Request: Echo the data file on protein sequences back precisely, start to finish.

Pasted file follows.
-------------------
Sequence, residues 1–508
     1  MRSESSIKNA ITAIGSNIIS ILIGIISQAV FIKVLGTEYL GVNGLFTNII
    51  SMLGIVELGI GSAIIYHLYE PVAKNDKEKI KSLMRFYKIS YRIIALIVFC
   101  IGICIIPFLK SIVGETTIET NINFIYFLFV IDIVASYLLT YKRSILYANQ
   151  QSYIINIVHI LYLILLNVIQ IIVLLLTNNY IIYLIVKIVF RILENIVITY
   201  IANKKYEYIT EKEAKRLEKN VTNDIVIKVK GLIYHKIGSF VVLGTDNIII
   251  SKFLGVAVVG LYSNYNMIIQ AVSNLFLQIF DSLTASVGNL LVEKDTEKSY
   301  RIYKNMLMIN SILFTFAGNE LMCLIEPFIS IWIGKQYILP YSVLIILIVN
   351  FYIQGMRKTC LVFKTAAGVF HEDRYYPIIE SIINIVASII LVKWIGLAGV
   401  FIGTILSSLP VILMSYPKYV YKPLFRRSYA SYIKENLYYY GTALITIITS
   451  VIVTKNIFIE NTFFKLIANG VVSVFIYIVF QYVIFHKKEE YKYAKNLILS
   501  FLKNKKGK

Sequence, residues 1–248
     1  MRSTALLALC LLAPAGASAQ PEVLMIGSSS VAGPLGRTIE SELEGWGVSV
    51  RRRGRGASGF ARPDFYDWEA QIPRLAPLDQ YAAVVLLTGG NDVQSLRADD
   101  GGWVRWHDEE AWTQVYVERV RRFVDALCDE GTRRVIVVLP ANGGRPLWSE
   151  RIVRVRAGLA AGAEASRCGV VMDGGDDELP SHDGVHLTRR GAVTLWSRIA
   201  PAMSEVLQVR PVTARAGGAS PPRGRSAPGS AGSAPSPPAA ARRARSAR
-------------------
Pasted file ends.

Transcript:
Sequence, residues 1–508
     1  MRSESSIKNA ITAIGSNIIS ILIGIISQAV FIKVLGTEYL GVNGLFTNII
    51  SMLGIVELGI GSAIIYHLYE PVAKNDKEKI KSLMRFYKIS YRIIALIVFC
   101  IGICIIPFLK SIVGETTIET NINFIYFLFV IDIVASYLLT YKRSILYANQ
   151  QSYIINIVHI LYLILLNVIQ IIVLLLTNNY IIYLIVKIVF RILENIVITY
   201  IANKKYEYIT EKEAKRLEKN VTNDIVIKVK GLIYHKIGSF VVLGTDNIII
   251  SKFLGVAVVG LYSNYNMIIQ AVSNLFLQIF DSLTASVGNL LVEKDTEKSY
   301  RIYKNMLMIN SILFTFAGNE LMCLIEPFIS IWIGKQYILP YSVLIILIVN
   351  FYIQGMRKTC LVFKTAAGVF HEDRYYPIIE SIINIVASII LVKWIGLAGV
   401  FIGTILSSLP VILMSYPKYV YKPLFRRSYA SYIKENLYYY GTALITIITS
   451  VIVTKNIFIE NTFFKLIANG VVSVFIYIVF QYVIFHKKEE YKYAKNLILS
   501  FLKNKKGK

Sequence, residues 1–248
     1  MRSTALLALC LLAPAGASAQ PEVLMIGSSS VAGPLGRTIE SELEGWGVSV
    51  RRRGRGASGF ARPDFYDWEA QIPRLAPLDQ YAAVVLLTGG NDVQSLRADD
   101  GGWVRWHDEE AWTQVYVERV RRFVDALCDE GTRRVIVVLP ANGGRPLWSE
   151  RIVRVRAGLA AGAEASRCGV VMDGGDDELP SHDGVHLTRR GAVTLWSRIA
   201  PAMSEVLQVR PVTARAGGAS PPRGRSAPGS AGSAPSPPAA ARRARSAR